For my birthday in September I was given a course at Stills Gallery in Edinburgh to learn how to develop black and white film, this was a wonderful opportunity to learn more about film photography, and I really took away was how much shot can be altered after its been taken. In digital its always something you do, a little play with the contrast etc, I thought film photography almost more pure than that, and a very accurate record of the that moment in time. It’s not always the case, processing time and dark room techniques like dodging and burning can alter your image drastically, it was fascinating and quite an education.

As you can see, I am mainly taking local shots of the city, and family and holidays; Edinburgh is a fantastic city to photograph. Going forward I will always be taking photographs of my family, but I feel I need expand my photography more, or maybe try and develop a certain style. A long term project would be a possibility or just being more experimental.

At the moment, I am still trying to figure out my ideal work flow. Since doing the course I have access to the studio in Stills, for a cost, to develop black and white, use their scanners and darkroom print. I do not shoot a large volume of film and cannot quite figure out easiest and most cost effective way to work. I have had colour rolls developed and scanned commercially with good results. I am tempted to go down the route of home developing with a dark room bag for my black and white, but then I don’t have a suitable scanning at home. I tried scanning with my digital camera, a Fujifilm X10, but without much success yet, although I have not given up hope.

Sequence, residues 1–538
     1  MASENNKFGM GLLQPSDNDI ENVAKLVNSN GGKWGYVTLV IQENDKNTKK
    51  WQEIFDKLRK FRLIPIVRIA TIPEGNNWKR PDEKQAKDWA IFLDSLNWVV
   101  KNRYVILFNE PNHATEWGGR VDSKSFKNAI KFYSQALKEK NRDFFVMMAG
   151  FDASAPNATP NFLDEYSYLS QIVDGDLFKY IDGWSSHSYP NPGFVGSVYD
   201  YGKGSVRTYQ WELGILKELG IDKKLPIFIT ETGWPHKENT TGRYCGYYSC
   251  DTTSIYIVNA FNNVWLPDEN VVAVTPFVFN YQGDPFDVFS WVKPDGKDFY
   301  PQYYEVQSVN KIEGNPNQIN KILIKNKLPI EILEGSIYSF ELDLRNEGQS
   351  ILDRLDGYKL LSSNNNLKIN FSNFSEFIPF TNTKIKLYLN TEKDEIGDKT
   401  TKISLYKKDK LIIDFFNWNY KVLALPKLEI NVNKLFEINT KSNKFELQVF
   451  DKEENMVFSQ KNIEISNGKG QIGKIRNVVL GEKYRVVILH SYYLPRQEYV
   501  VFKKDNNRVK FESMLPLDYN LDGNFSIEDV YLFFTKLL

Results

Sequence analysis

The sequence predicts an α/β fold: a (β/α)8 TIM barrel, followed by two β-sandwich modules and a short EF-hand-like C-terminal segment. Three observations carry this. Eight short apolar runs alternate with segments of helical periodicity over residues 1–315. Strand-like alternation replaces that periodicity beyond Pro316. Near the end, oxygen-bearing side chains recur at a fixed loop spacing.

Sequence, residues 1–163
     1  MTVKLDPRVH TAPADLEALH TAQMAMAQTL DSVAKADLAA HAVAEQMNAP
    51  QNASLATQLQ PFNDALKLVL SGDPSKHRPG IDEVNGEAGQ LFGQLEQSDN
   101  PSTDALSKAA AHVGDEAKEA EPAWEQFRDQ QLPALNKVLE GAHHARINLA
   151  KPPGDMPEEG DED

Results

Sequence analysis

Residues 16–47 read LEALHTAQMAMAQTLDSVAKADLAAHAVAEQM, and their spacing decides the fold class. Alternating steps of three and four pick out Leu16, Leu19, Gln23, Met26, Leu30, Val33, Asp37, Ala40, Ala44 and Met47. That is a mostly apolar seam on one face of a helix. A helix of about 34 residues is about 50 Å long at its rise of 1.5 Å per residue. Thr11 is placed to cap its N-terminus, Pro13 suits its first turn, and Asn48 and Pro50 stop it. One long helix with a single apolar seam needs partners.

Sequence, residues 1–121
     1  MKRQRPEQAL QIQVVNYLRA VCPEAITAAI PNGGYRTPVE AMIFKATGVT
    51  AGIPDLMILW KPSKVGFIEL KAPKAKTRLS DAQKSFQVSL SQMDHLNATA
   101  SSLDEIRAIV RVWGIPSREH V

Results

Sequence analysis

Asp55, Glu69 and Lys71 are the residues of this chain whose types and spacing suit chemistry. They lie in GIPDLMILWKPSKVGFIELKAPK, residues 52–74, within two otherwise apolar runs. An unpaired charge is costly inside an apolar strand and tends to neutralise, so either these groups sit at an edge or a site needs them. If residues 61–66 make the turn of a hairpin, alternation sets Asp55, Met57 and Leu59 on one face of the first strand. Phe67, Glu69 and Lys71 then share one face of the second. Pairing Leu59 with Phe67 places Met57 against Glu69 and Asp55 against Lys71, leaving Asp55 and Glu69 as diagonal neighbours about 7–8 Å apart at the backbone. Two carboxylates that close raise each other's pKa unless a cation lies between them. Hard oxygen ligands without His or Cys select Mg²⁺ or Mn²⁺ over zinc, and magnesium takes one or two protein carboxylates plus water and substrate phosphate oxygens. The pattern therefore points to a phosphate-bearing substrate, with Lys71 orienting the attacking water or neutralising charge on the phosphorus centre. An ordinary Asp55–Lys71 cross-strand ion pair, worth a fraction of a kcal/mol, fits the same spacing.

Spending more time with analogue photography, reading blogs and looking at Instagram has really made me think more about my digital photography too. I have had my Fuji X10 for about 7 years but have experimented more this past year than ever before. I have been taking high contrast black and white street shots, and long exposure blue hour shots, that feeling of GAS is always lurking, but actually am enjoying my digital camera as much as ever.

I have made another purchase though, I was on the lookout for a small 35mm compact. This was hard to find at a responsible price, with prices going crazy just now. I found a Pentax PC35af at a good price though, less than £20, partly because a bit of its film advance thumb wheel is snapped off, meaning you can’t advance all the way to next frame by hand. I solved this problem with by adapting a plastic kiwi fruit spoon which is now attached the wrist strap!